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Author profile

Anthony Doyle

Years in the bond markets: 11

Specialist subjects: Economics and interest rates

Likes: Rugby, steak and red wine, country music

Heroes: David Campese, Banjo Paterson, Johnny Cash

Featured Post

M&G Panoramic Outlook: Jim Leaviss’ views for the second half of 2015

Deflation. Liquidity. Greece. These are the words of 2015 if you are a bond investor. The year started off with a bang, or rather a break, when the Swiss National Bank (SNB) announced the surprise abandonment of the peg with the euro. This was only a mere week before the European Central Bank (ECB) embarked upon an historic quantitative easing programme. Deflation took hold in Europe, governmen…

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The M&G YouGov Inflation Expectations Survey – Q2 2015

A wide range of household decisions – like whether to buy a house, take out a car loan or ask for a pay rise – are affected by expectations about future inflation. Central bankers believe that by closely monitoring inflation expectations they can deepen their understanding about the economic behaviour of consumers. Surveys like the M&G YouGov Inflation Expectations Survey are extremely interest…

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The downside of bonds

Government bond yields are extremely low across the globe. The highly unusual phenomenon of negative bond yields – even on debt issued by countries that still face a debt crisis – is now commonplace. In addition, investors are looking to protect themselves from the carnage in bond markets we have seen in recent weeks  (for example, the “risk-free” German 2.5% 2046 bond is down -19% since the hi…

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Tweet inflation survey March 15

The M&G YouGov Inflation Expectations Survey – Q1 2015

Economic policy hawks love inflation expectation surveys. As do bond fund managers, who like to keep a close eye on inflation to ensure that fixed income returns aren’t being eroded away. Provided that inflation expectations are close to target, we tend to argue expectations are well anchored and thus central bankers can rest easy. However, the monetary policy actions undertaken by many central…

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2015-03 blog

Falling consumer and oil prices may not provide the boost to growth many are expecting

The spectre of deflation currently haunts central bankers around the world, though many of us would question whether the true effects of falling prices are being felt in the real economy and more importantly in consumers’ wallets.

According to the results of the M&G YouGov Inflation Expectations Survey over the past two years, European consumers often believe that inflation in one and five year…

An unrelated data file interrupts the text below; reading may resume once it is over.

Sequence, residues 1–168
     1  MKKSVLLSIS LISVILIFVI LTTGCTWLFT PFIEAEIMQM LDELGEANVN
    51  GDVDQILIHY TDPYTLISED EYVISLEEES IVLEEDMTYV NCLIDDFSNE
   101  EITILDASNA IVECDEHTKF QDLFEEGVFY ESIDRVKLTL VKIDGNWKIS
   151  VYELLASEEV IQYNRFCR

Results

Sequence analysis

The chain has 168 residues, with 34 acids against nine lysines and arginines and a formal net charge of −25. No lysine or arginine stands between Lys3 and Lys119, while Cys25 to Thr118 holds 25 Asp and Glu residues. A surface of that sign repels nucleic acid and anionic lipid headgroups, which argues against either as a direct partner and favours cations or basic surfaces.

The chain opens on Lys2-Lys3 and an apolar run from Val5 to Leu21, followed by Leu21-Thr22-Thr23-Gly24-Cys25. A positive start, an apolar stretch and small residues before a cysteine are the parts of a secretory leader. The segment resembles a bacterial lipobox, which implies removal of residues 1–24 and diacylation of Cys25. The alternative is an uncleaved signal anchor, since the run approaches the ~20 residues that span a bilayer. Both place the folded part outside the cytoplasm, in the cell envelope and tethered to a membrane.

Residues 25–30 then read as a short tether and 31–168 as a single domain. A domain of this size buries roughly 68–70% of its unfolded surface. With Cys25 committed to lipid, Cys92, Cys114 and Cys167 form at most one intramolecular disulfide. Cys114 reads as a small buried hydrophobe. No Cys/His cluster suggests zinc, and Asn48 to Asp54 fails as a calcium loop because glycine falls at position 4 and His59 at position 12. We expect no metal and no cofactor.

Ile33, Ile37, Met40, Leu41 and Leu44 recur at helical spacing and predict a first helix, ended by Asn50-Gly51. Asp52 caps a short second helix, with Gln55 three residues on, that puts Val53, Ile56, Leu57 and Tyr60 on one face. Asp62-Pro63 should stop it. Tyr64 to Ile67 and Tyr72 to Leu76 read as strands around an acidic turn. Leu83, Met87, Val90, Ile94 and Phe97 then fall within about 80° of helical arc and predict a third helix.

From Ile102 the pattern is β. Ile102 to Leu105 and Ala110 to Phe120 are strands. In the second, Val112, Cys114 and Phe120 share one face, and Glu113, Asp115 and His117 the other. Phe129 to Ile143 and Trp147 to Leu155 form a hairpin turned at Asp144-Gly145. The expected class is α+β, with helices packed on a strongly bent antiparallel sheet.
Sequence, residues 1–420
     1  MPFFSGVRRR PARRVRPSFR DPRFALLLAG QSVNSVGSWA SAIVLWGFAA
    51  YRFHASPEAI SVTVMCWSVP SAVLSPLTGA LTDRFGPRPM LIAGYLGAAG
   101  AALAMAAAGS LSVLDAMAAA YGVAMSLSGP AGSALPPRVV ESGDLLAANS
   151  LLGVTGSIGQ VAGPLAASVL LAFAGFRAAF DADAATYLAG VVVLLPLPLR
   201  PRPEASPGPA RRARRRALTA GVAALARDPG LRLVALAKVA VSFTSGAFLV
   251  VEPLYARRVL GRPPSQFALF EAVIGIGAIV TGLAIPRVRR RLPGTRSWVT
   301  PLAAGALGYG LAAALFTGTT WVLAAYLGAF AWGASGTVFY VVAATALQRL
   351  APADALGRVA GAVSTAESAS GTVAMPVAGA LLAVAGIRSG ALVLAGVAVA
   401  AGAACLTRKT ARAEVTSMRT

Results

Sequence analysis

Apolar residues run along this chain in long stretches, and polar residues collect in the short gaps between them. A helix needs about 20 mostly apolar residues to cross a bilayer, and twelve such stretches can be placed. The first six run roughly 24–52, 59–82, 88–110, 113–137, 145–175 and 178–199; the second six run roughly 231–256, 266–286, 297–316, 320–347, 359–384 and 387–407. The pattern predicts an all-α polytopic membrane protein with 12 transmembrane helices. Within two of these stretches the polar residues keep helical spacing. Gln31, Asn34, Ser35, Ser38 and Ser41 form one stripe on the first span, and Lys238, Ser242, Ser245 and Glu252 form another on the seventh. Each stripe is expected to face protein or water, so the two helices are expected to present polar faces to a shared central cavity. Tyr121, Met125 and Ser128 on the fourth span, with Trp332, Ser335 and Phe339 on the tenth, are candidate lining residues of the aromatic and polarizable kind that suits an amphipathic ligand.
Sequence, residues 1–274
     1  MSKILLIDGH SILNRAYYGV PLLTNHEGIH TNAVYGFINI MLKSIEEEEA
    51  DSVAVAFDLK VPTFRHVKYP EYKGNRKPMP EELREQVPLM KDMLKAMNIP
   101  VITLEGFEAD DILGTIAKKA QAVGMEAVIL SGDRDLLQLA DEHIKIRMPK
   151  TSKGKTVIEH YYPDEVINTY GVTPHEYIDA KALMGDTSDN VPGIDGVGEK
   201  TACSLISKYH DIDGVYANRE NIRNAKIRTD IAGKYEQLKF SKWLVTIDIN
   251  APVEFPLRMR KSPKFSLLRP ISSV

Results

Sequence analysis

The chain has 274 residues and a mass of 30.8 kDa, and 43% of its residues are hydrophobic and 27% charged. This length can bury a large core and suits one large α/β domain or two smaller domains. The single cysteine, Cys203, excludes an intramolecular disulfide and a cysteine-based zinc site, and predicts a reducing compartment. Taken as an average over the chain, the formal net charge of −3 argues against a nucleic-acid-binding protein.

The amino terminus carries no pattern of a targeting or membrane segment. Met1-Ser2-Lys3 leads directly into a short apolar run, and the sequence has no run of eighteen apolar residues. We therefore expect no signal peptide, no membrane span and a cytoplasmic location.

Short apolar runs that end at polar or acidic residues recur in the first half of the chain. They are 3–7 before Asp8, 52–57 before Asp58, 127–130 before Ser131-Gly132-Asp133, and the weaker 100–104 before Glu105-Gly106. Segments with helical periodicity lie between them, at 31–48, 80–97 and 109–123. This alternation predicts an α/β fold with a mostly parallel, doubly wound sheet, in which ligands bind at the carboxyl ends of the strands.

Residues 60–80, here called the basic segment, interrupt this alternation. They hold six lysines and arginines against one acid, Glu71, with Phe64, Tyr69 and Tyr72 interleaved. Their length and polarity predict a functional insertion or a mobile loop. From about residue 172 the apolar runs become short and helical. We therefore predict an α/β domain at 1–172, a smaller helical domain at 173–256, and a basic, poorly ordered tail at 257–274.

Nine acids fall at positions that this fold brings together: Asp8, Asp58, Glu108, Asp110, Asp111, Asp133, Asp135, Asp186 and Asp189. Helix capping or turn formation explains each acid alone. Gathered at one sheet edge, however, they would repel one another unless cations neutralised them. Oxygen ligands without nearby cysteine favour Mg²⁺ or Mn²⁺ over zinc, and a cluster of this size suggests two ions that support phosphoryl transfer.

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The greater the income share of the rich, the lower the savings rate

If you want to generate economic growth then encourage the rich to spend

In 1714, an Englishman called Bernard Mandeville published his poem entitled “The Fable of the Bees: or Private Vices, Public Benefits”. The satire was about a hive of prosperous bees that were living a life of luxury. One day, some of the bees began to grumble that their lifestyle lacked virtue and the bees subsequently turn away from greed and extravagance. This leads to a rapid loss of prosp…

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2015-01AD blog

Europe needs a German fiscal stimulus package but won’t get it

The German government can theoretically borrow at negative yields if it were to issue short maturity debt today. Longer maturity debt is also yielding a record low amount. Could the collapse in yields be a blessing for Germany and Europe? Two economists at the International Monetary Fund (IMF) seem to think so. Indeed, the German government’s narrow-minded pursuit of the “black zero” (a balance…

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Bad loans in banks to be regulated by ECB total €879 billion

Happy Halloween. It’s time for some scary charts.

Halloween is around the corner and that can only mean one thing… scary chart time. Every year around this time, we highlight economic variables and statistics that could give central bankers nightmares. If stuff like non-performing loans, bad forecasts and big numbers scare you then it is probably time to turn off your computer screen and forget you ever saw this blog. The following is not for …

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“Global greying” could mean getting used to ultra-low bond yields

The developed world is going through an unprecedented demographic change – “global greying”. This change is having a massive impact on asset prices and resources as populations around the world get older and live longer. It is also having an impact on the effectiveness of monetary policy. We would typically expect older populations to be less sensitive to interest rate changes as they are large…

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The yield-dampeners: will interest rates inevitably rise when QE ends?

After the ‘taper tantrum’ of 2013, many commentators predict that the catalyst for a sell-off in fixed income assets could be the ending of quantitative easing by the US Federal Reserve later this year. In the latest issue of our Panoramic Outlook series, I present an alternative view to this consensus thinking, analysing a number of dynamics in bond markets that have surprised investors during…

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